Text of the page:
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Fast forward to today and dropper posts are commonplace on mountain bikes with even XCO bikes starting to get in on the action. We are now spoiled for choice with offerings from several big name manufacturers, but it was the launch of the RockShox Reverb that really stirred the market.

There are a number of Reverb models featuring varying travel lengths, post diameters and external or Stealth (internal) cable routing.
We rode a Reverb Stealth with 125mm drop with a 31.6mm diameter. Please note that this review is not of the newer updated Reverb announced in March this year.

While actuation of the original Reverb relied on the same type of plastic tubing used on RockShox's X-Loc suspension remotes, from 2012 onwards models were fitted with a hydraulic brake line with a new design to prevent disconnection under duress and to make fitment easier. Each seatpost also shipped with an Enduro Collar, which could clamp to the upper shaft and allow the rider to set a drop limit of the seatpost, and a bleed kit as standard.

Specifications (2012 - 2015 models):

  • Weight: 560g – 355mm, 30.9mm, 100mm; 570g – 380mm, 30.9mm, 125mm; 570g – 430mm, 31.6mm, 150mm
  • Lengths: 100mm drop - 355, 420mm; 125mm drop - 380mm, 420mm; 150mm drop - 430mm
  • Hose length: 2000mm
  • Remote: Discrete or Match Maker X, in left or right hand versions
  • Available Travel: 100mm, 125mm, and 150mm
  • Diameters: 31.6 and 30.9
  • Standover Height: 33mm
  • Adjustment Type: Infinite
  • Clampset: Zero offset, two bolt head


The Tech


What sets the Reverb apart from most other dropper posts, especially those that were around in 2012, is the use of hydraulic fluid rather than a cable to actuate the post. Even today there are few hydraulic actuated seatposts - certainly none that have proven themselves as tough and reliable as the Reverb.

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The post is activated using the XLoc remote which pushes 2.5wt hydraulic fluid down the line to open the main oil flow valve. A key design feature is that the hydraulic remote fluid and the seatpost's oil and air springs are all kept separate from each other. The remote fluid is contained within the XLoc trigger, hose and the Reverb's head, while the air spring is enclosed at the bottom of the outer tube. The post oil that allows the Reverb to travel up and down, and also holds it firmly in place, flows between the inner and outer tubes, and is backed up with an internal floating piston to keep the Reverb from becoming soft, if the saddle has to be raised by hand.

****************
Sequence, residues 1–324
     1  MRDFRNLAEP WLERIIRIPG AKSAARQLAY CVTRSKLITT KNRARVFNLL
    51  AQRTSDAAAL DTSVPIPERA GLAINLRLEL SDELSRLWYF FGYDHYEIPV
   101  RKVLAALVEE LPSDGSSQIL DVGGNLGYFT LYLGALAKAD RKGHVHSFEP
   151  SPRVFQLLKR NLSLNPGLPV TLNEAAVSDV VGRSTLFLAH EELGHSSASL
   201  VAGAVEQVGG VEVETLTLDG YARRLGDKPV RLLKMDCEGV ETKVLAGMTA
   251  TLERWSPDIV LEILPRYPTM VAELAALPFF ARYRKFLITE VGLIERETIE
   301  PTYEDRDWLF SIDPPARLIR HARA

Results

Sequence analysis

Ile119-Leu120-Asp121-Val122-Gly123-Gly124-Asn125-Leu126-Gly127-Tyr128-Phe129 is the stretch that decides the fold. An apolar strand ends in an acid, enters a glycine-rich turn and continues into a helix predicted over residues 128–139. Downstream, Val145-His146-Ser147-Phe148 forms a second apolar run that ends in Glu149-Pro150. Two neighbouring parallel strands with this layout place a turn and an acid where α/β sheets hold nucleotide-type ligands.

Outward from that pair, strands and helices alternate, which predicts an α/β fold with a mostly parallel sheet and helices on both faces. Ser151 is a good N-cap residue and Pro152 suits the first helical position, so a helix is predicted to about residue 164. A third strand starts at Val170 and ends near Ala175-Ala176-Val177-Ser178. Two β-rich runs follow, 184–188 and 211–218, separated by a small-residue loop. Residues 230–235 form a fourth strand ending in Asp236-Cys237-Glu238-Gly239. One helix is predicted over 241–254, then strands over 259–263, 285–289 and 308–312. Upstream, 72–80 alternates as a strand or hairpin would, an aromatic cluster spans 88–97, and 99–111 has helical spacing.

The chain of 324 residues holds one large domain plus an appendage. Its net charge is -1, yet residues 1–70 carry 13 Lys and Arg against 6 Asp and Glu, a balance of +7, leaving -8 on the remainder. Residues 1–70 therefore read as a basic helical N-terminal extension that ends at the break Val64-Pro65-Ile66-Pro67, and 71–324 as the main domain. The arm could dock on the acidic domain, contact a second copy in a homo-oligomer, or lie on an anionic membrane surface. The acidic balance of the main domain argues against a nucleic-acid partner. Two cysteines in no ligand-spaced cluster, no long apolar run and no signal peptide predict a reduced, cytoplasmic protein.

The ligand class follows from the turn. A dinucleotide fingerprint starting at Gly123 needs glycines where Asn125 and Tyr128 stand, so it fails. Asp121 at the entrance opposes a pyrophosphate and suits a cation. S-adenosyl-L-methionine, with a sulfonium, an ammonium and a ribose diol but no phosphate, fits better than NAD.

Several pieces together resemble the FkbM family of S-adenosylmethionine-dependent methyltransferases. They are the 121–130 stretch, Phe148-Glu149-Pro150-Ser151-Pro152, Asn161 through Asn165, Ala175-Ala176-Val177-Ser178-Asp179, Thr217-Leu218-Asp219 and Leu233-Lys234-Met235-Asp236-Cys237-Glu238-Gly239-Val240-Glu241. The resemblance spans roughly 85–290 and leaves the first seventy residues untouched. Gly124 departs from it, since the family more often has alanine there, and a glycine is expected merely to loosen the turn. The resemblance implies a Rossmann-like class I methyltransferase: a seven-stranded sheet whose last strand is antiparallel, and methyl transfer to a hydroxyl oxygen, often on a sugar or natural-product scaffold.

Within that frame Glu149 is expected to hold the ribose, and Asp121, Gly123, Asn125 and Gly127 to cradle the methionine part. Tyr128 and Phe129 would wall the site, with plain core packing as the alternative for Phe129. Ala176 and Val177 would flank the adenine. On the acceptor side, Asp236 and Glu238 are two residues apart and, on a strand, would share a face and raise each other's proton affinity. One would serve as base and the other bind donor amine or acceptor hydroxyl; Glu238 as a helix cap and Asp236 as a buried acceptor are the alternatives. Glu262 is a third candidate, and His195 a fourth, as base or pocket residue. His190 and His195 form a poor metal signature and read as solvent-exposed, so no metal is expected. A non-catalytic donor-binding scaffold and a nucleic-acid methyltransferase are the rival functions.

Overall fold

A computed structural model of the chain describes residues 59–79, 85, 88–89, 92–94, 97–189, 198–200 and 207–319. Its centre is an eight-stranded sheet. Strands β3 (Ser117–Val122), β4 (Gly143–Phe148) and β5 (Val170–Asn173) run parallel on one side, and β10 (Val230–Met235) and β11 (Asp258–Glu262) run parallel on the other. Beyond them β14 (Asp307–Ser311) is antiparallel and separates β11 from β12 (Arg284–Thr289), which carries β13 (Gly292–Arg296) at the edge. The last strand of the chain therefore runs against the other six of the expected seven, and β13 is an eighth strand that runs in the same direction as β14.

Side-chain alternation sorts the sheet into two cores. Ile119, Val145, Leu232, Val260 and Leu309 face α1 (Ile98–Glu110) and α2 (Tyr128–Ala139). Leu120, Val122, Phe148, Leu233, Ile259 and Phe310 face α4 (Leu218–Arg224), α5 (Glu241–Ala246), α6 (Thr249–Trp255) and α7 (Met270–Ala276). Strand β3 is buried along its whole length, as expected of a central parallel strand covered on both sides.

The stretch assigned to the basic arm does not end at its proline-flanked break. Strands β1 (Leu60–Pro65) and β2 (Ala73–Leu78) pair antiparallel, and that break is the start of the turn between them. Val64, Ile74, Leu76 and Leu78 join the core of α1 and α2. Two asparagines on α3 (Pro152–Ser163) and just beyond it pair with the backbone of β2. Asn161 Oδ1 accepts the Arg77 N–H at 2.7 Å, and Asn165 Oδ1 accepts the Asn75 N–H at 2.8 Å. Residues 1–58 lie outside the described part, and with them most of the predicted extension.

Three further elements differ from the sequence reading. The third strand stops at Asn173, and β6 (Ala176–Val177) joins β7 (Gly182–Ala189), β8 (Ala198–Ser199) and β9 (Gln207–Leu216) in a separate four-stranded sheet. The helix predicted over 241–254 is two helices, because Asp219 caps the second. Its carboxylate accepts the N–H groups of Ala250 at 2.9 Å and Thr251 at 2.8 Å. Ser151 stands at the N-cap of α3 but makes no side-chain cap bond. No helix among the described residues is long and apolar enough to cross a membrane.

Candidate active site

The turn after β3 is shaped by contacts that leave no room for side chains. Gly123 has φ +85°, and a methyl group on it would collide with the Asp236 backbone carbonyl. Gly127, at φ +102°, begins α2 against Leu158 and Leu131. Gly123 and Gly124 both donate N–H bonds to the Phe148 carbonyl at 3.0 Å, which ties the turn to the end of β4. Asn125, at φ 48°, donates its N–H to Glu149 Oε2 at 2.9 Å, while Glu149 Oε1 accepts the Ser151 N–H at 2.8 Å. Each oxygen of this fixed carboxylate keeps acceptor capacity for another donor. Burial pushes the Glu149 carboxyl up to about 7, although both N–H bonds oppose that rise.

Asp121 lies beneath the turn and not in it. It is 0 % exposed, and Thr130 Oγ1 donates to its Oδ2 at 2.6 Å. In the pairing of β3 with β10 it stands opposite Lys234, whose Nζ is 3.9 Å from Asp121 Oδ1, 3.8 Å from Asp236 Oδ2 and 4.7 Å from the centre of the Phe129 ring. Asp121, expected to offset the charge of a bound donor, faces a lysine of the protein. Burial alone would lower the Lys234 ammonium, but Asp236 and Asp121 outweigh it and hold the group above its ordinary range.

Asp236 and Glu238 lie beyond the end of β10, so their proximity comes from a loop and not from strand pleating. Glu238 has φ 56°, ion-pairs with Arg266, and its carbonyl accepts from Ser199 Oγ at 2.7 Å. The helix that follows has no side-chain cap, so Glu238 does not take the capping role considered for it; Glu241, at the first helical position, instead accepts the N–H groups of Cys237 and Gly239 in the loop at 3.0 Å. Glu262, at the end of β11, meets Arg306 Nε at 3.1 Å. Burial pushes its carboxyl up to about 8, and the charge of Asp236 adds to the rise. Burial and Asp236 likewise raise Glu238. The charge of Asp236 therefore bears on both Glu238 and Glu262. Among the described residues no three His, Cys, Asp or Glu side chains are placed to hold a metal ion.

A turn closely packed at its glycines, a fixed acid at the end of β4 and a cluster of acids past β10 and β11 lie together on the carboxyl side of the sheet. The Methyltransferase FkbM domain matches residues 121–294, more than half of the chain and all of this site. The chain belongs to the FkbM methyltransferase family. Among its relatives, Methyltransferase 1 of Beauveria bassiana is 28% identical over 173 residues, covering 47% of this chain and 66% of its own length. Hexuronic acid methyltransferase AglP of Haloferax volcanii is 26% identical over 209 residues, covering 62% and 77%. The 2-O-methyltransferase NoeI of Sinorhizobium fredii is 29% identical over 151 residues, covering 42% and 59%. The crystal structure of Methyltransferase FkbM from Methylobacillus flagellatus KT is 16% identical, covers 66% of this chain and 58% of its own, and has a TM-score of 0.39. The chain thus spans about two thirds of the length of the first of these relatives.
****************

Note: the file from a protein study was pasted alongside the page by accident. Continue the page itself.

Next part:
On the remote side there is an aluminium dial that is used to adjust the return speed. Turning the dial alters the oil volume within the remote system, raising or lowering the height of the main valve within the seatpost. Different heights use more or less of the taper on the valve, dictating the amount of oil flow that is allowed to move between the inner and outer tubes and with it the seatpost's return speed.

Another convenient design feature is the incorporation of the MatchMaker X-Clamp which allows the mounting of Guide or Level brakes, a Reverb remote and a gear shifter on a single handlebar clamp. This makes for a very neat, uncluttered handlebar. The only downside is that the adjustment of each control is limited and you will have to find a happy medium in how close or far away from your grips you want all your controls.